Centre for Child Law and Lawyers for Human Rights ask high court to ensure birth registration for children of unmarried fathers
Source: Lawyers for Human Rights (South Africa)
Birth registration is an important ‘event’ in the life of a child as it is a gateway to a child accessing other rights which are essential for the full and effective participation in society. UNICEF research has highlighted the following barriers that children experience when their birth is not registered:
“the child who is not registered at birth is in danger of being shut out of society – denied the right to an official identity, a recognized name and a nationality… These children have no birth certificate, the ‘membership card’ for society that should open the door to the enjoyment of a whole range of other rights including education and health care, participation and protection.”
A judgment handed down on 9 July 2018 by the Grahamstown High Court sought to prevent such rights violation for children in South Africa. The judgment was in the case of Naki and Others v Director General: Department of Home Affairs and Another (Case No 4996/2016). Mr Naki and Ms Ndoyya, represented by the Legal Resources Centre, approached the High Court for assistance after several unsuccessful attempts to register the birth of their child because of the onerous requirements in the Birth and Deaths Registration Act; particularly regulations 3, 4 and 5 of the regulations to the Act. They asked the High Court to order the immediate registration of their child’s birth, as well as an order stating that the regulations were constitutionally invalid for its rigidity.
At the same time as the court challenge, the Centre for Child Law (“the Centre”) and their legal representatives, Lawyers for Human Rights (“LHR”), had amassed cases that related to the barriers faced by children born to unmarried fathers to have their births registered. In essence, these children’s births could not be registered – also as a direct result of impediments in the Act and its Regulations. The Centre and LHR were particularly concerned that section 10 of the Act and regulation 12, when read together, prevented the unmarried fathers from registering births of their children unless their mother was present.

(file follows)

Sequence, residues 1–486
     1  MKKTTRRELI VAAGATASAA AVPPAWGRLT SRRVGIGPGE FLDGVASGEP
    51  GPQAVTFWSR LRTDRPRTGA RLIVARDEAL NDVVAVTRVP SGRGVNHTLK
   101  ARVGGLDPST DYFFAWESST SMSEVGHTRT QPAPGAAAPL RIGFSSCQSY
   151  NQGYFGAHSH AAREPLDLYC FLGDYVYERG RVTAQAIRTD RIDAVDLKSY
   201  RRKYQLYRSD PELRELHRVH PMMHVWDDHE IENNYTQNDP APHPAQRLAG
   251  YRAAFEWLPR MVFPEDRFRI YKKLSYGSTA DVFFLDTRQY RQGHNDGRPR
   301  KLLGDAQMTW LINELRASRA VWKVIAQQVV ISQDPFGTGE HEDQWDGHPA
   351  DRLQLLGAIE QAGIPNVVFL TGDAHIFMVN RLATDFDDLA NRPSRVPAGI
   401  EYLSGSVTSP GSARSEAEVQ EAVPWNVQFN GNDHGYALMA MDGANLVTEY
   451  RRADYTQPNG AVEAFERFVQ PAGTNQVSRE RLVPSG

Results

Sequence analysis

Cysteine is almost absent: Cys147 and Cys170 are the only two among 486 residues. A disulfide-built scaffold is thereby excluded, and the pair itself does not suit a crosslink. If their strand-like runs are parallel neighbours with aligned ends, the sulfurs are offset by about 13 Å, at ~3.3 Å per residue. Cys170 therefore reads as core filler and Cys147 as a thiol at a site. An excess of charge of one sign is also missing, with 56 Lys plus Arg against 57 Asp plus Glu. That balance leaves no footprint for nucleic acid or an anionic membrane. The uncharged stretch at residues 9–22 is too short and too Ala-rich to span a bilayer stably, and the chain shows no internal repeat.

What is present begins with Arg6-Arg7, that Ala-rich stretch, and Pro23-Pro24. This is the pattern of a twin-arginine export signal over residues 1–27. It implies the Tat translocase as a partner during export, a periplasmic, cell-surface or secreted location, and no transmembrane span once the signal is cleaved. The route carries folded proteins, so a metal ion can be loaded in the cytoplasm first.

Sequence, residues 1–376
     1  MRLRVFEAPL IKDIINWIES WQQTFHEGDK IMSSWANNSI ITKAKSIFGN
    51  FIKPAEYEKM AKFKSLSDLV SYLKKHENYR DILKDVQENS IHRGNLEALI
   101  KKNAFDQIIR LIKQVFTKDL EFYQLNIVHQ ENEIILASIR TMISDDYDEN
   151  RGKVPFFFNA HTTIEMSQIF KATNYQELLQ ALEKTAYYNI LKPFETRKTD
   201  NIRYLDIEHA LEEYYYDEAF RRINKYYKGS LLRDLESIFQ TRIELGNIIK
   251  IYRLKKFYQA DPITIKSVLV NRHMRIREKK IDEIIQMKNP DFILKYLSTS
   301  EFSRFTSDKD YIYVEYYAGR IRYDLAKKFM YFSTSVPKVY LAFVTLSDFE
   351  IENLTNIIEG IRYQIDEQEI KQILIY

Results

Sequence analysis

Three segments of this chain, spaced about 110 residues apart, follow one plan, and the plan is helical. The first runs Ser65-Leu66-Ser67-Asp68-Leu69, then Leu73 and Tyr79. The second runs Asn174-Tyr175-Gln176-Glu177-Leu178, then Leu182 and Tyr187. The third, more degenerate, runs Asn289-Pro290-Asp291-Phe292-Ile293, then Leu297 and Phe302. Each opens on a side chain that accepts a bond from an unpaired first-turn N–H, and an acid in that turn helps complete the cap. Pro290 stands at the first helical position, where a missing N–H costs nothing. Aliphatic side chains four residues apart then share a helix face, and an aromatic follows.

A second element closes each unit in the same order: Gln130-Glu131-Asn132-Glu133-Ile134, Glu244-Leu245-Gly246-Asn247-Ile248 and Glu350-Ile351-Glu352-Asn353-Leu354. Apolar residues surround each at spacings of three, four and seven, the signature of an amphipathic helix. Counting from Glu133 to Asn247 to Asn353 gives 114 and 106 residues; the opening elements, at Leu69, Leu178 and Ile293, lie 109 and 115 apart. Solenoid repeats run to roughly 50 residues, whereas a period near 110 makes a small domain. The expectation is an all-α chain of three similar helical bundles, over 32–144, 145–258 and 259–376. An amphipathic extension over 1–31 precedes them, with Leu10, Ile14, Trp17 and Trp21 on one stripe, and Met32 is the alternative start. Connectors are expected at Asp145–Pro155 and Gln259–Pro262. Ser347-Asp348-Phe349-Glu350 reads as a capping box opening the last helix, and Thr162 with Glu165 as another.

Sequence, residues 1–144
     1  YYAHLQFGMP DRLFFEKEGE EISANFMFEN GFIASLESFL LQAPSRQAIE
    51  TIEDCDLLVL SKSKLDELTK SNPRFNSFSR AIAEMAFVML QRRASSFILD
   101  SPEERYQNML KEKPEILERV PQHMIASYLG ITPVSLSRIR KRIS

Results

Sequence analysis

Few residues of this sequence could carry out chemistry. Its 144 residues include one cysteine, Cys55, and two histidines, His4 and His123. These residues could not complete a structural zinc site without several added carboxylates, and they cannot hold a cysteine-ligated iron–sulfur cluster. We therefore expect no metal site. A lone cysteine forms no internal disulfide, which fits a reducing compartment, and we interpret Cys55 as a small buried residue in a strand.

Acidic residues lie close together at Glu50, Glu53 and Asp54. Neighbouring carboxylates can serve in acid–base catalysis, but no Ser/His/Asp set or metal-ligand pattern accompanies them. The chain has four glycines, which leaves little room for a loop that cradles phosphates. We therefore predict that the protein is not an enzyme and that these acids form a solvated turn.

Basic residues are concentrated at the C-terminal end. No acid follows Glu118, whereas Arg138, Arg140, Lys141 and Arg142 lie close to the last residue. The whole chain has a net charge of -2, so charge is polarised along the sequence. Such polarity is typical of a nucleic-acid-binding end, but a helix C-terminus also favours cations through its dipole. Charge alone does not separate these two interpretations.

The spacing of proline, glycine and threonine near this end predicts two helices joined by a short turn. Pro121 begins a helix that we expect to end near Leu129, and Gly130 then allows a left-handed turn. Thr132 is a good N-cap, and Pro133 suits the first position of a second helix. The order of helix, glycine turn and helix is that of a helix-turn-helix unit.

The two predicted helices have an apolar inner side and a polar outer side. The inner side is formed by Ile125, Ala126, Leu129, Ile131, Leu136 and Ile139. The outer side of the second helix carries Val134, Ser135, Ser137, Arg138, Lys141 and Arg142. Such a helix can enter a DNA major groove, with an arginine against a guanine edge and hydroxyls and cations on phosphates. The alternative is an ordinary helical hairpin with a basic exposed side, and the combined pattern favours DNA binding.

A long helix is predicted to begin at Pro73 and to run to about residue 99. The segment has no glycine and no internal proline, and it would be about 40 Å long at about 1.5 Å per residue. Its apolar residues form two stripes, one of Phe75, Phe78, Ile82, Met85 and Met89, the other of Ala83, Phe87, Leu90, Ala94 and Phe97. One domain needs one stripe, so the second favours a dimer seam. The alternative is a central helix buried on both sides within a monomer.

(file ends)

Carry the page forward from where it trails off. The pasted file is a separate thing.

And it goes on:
On this basis, the Centre and LHR joined Naki and Ndovya’s court case.. The Centre and LHR presented over 40 instances in which the children’s fathers had been unable to register the births of their children in the absence of the child’s mother. In many of the cases, the child’s mother was missing, had abandoned the child or was deceased – leaving only the child’s father to register their birth. These fathers are unable to register the births of their children because of the impediments in the law. Thus, in addition to the relief sought by Naki and Ndovya, the Centre sought a declaration that section 10 of the Act and regulation 12 of its regulations was unconstitutional and invalid.
The matter was argued before Bodlani AJ on 27 March 2018, and judgment was handed down on 9 July 2018. The judgment correctly declared regulation 12 unconstitutional (as well as regulations 3, 4 and 5 which Naki and Ndovya argued for) and changed the wording of the section to ensure that a father was able to register the birth of his child in the absence of the mother. However, critically, it did not declare section 10 of the Act unconstitutional., This means that the Act and the regulation which was declared unconstitutional by the High Court do not speak to each other – as the Act still requires a child’s mother to be present during birth registration processes.
While the judgment is in some respects an important step forward in ensuring that all children’s births are registered, a critical opportunity to more comprehensively improve access to birth registration was missed. As such, the CCL and LHR appealed the part of the order that did not declare section 10 of the Act to be unconstitutional. Once the necessary documents are filed with the High Court, the full bench will hear the appeal.
The CCL’s senior attorney, Anjuli Maistry, said the following about the importance of the appeal:
“a birth certificate provides the State’s first legal recognition of a child and is required to access other rights and entitlements. Children without birth certificates are therefore at great risk of exclusion from education, as well as from accessing social assistance. In fact, the Centre is aware of hundreds of cases of children that are unable to access school solely as a result of lack of a birth certificate. Children without birth certificates are also at risk of statelessness, as well as generational statelessness. The Centre therefore welcomes the granting of leave to appeal and sees it as an opportunity to comprehensively remedy the flaws in the Act that children born out of wedlock face.”
If the appeal is successful, South Africa will follow a positive regional trend which ensures that the births of the children born to unmarried fathers can be registered.